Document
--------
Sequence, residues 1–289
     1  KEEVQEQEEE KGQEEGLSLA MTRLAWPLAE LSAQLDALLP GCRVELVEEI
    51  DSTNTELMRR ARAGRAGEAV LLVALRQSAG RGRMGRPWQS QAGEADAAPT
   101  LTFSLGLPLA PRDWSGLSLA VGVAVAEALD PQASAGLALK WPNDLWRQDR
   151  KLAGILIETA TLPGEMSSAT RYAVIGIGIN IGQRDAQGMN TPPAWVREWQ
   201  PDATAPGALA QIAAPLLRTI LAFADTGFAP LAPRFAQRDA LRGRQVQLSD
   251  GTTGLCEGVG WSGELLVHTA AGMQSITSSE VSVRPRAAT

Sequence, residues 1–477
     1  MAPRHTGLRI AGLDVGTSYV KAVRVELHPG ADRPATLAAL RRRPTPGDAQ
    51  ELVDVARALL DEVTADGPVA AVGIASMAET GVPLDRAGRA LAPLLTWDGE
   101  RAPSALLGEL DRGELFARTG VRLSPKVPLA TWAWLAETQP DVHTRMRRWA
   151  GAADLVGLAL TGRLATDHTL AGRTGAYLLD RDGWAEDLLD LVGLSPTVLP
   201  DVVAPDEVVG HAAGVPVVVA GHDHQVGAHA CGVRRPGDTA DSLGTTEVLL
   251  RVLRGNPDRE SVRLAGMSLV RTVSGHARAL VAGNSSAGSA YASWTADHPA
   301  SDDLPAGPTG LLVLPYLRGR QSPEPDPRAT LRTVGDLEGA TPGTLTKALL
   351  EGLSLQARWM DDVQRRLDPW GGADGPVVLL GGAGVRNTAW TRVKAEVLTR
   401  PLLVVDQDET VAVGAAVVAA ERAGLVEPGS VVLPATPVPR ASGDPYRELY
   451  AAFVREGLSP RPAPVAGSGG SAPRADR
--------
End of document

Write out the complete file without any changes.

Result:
Sequence, residues 1–289
     1  KEEVQEQEEE KGQEEGLSLA MTRLAWPLAE LSAQLDALLP GCRVELVEEI
    51  DSTNTELMRR ARAGRAGEAV LLVALRQSAG RGRMGRPWQS QAGEADAAPT
   101  LTFSLGLPLA PRDWSGLSLA VGVAVAEALD PQASAGLALK WPNDLWRQDR
   151  KLAGILIETA TLPGEMSSAT RYAVIGIGIN IGQRDAQGMN TPPAWVREWQ
   201  PDATAPGALA QIAAPLLRTI LAFADTGFAP LAPRFAQRDA LRGRQVQLSD
   251  GTTGLCEGVG WSGELLVHTA AGMQSITSSE VSVRPRAAT

Sequence, residues 1–477
     1  MAPRHTGLRI AGLDVGTSYV KAVRVELHPG ADRPATLAAL RRRPTPGDAQ
    51  ELVDVARALL DEVTADGPVA AVGIASMAET GVPLDRAGRA LAPLLTWDGE
   101  RAPSALLGEL DRGELFARTG VRLSPKVPLA TWAWLAETQP DVHTRMRRWA
   151  GAADLVGLAL TGRLATDHTL AGRTGAYLLD RDGWAEDLLD LVGLSPTVLP
   201  DVVAPDEVVG HAAGVPVVVA GHDHQVGAHA CGVRRPGDTA DSLGTTEVLL
   251  RVLRGNPDRE SVRLAGMSLV RTVSGHARAL VAGNSSAGSA YASWTADHPA
   301  SDDLPAGPTG LLVLPYLRGR QSPEPDPRAT LRTVGDLEGA TPGTLTKALL
   351  EGLSLQARWM DDVQRRLDPW GGADGPVVLL GGAGVRNTAW TRVKAEVLTR
   401  PLLVVDQDET VAVGAAVVAA ERAGLVEPGS VVLPATPVPR ASGDPYRELY
   451  AAFVREGLSP RPAPVAGSGG SAPRADR